The Cato Institute’s 12th biennial edition of its “Fiscal Policy Report Card on America’s Governors” assigns grades of “A” to “F” to the governors based on their efforts to restrain government. Patrick received an “F” in this report card, down from a “C” in 2012.

What sparked the large drop in Patrick’s rating? His desire to dramatically increase taxes on Massachusetts families and businesses.

Deval Patrick’s policies have been moving Massachusetts in the wrong direction.”

From the time he took office in 2007, Patrick has shown a penchant for higher levels of revenue, but in 2012, he hiked taxes considerably. Every year, he has called for more and more in tax revenue. In 2012 he proposed sales taxes on candy and soda, and higher taxes on cigarettes, and corporations.

In 2013 he signed into law numerous tax increases. He raised taxes on corporations and utilities. The cigarette tax was increased by $1 per pack. He increased the gasoline tax by 3 cents per gallon (henceforth to be indexed to inflation unless voters repeal that provision in November). He also expanded the sales tax to include software purchases, intensifying the tax burden unnecessarily on businesses in the commonwealth. Fortunately, this tax increase was repealed by the Legislature this year.

Also in 2013, he proposed an income tax increase, which would have raised the rate from 5.25 percent to 6.25 percent causing individuals and families to cough up more of their hard-earned dollars to government. The plan would have reduced the sales tax, which is a positive step, but overall would have increased the tax burden by $1.9 billion overall.

Massachusetts already had one of the highest state-local tax burdens in the country. Patrick’s plan would have pushed the envelope even further.

Luckily for Massachusetts taxpayers, the income tax hike did not pass. But that didn’t stop Patrick from proposing higher taxes again. …read more

Source: OP-EDS

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Governors Make Fiscal Progress

October 2, 2014 in Economics

By Chris Edwards, Nicole Kaeding

Chris Edwards and Nicole Kaeding

America’s high business taxes are discouraging investment and prompting companies to move their headquarters abroad. Most policymakers say they favor cutting the corporate-tax rate to help fix the problem, but reforms are stuck in Washington gridlock.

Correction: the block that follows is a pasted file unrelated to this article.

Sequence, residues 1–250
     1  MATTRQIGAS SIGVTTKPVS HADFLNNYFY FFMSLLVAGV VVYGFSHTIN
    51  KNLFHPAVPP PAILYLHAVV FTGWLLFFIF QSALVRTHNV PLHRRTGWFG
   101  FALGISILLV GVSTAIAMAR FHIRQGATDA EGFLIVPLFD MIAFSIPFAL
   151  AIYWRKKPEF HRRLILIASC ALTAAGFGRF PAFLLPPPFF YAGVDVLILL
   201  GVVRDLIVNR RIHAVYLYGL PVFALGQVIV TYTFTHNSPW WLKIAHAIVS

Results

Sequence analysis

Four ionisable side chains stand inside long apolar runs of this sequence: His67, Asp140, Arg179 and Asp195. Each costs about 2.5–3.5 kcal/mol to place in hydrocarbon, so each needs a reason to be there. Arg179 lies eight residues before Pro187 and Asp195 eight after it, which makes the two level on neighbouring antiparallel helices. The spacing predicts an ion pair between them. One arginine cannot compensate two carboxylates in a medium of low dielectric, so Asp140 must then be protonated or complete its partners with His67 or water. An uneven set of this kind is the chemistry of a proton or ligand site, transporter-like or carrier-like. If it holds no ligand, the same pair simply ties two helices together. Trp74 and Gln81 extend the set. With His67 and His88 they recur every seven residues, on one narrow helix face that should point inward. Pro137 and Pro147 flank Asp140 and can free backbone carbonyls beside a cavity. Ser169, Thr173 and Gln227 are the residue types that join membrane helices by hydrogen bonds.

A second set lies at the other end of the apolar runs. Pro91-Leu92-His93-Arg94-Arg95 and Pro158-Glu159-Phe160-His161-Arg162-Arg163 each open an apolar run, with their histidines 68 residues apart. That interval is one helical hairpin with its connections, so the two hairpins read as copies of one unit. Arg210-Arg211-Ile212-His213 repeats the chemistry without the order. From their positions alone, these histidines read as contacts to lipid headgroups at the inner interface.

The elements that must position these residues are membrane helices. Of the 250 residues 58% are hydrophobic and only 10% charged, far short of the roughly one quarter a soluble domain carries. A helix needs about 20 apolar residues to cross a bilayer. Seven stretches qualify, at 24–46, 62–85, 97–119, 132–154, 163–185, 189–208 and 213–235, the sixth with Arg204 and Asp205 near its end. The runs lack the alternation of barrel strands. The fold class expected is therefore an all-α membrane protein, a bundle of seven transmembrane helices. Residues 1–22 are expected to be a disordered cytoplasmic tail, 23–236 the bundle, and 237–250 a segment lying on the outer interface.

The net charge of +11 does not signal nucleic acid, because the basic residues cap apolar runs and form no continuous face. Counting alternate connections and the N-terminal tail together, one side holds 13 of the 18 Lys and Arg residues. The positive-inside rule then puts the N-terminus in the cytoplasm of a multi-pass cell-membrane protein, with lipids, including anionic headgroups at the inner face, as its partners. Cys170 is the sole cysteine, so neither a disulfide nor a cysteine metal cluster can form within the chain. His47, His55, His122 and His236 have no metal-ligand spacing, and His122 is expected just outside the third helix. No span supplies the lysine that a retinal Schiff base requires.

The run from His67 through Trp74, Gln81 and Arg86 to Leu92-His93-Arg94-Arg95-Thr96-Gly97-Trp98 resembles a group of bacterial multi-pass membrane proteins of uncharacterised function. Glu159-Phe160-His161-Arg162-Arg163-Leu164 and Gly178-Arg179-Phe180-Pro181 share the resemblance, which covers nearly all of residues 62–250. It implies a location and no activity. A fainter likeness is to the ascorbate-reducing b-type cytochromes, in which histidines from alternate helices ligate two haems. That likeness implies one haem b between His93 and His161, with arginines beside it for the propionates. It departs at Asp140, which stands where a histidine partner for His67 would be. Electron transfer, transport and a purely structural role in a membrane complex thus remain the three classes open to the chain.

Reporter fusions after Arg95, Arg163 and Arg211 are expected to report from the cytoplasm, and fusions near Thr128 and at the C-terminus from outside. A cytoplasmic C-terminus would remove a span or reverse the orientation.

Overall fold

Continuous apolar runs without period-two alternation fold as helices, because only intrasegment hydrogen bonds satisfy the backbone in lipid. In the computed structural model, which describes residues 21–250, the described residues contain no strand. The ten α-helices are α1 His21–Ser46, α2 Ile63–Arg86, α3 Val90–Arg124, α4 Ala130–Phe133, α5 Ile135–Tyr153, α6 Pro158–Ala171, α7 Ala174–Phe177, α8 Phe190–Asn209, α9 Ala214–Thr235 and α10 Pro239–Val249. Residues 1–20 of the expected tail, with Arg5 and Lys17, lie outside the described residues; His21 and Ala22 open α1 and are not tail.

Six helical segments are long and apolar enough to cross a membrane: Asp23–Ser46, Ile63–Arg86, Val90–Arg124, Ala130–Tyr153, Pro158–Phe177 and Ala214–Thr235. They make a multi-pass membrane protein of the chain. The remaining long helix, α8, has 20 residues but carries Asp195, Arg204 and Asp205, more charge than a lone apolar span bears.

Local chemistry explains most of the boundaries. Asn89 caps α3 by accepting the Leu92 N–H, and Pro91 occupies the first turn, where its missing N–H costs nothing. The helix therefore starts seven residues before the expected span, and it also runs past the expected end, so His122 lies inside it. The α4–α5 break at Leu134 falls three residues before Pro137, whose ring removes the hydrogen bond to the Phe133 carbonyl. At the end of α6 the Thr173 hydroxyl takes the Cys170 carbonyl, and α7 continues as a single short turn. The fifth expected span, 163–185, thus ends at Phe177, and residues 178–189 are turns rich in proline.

Thank goodness for the states. Many governors are championing fiscal reforms, and business tax cuts are one area of progress. We document these reforms in Cato’s new “fiscal report card,” which assigns grades of “A” to “F” to the governors based on their efforts to restrain government since 2012.

This year we awarded “A” grades to four governors:

  •  Pat McCrory of North Carolina signed a bill replacing individual-income-tax rates of 6.0, 7.0, and 7.75 percent with a single rate of 5.75 percent. He also cut the corporate-tax rate from 6.9 to 5.0 percent and repealed the estate tax.
  • Sam Brownback of Kansas approved a plan in 2012 replacing three individual-income-tax rates with two and cutting the top rate from 6.45 to 4.9 percent. The reform also increased the standard deduction and reduced taxes on small businesses. Brownback cut income-tax rates further in 2013.
  • Paul LePage of Maine signed major income-tax cuts in 2011, and he is pushing for further tax reforms. State spending has been roughly flat in recent years, and LePage has trimmed spending on welfare, health care, and other programs.
  • Mike Pence of Indiana has been frugal on spending and a champion tax cutter. He signed bills to cut individual-income-tax rates 5 percent (the current rate of 3.4 percent will fall to 3.23 percent in 2017) and repeal the inheritance tax. He also approved a corporate-income-tax rate cut and a major reduction in property taxes on businesses.

All of this year’s “A” governors were Republicans. Over the years, the data-driven Cato report cards have shown that Republican governors are more fiscally conservative, on average, than Democrats. This year is no exception, which is illustrated by the fact that all eight governors earning an “F” were Democrats.

Nonetheless, there are some Democratic centrists making reforms, including Andrew Cuomo of New York and Lincoln Chafee of Rhode Island, who both earned a “B.” Cuomo cut corporate-income-tax rates, simplified the corporate tax base, increased the estate-tax exemption, and cut property taxes on manufacturers. Chafee cut the corporate-tax rate by two percentage points, repealed the franchise tax, and reduced the estate tax.

Washington is gridlocked, but many states are cutting taxes.”

But Republicans were behind nearly all …read more

Source: OP-EDS

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Fiscal Policy Report Card on America’s Governors 2014

October 2, 2014 in Economics

In the new “Fiscal Policy Report Card on America’s Governors,” Cato scholars Nicole Kaeding and Chris Edwards examine the tax and spending decisions made by U.S. governors since 2012. Governors who have cut taxes and spending the most receive the highest grades, while those who have increased taxes and spending the most receive the lowest grades. Only four governors were awarded an “A” in this latest report card — Pat McCrory of North Carolina, Sam Brownback of Kansas, Paul LePage of Maine, and Mike Pence of Indiana.

…read more

Source: CATO HEADLINES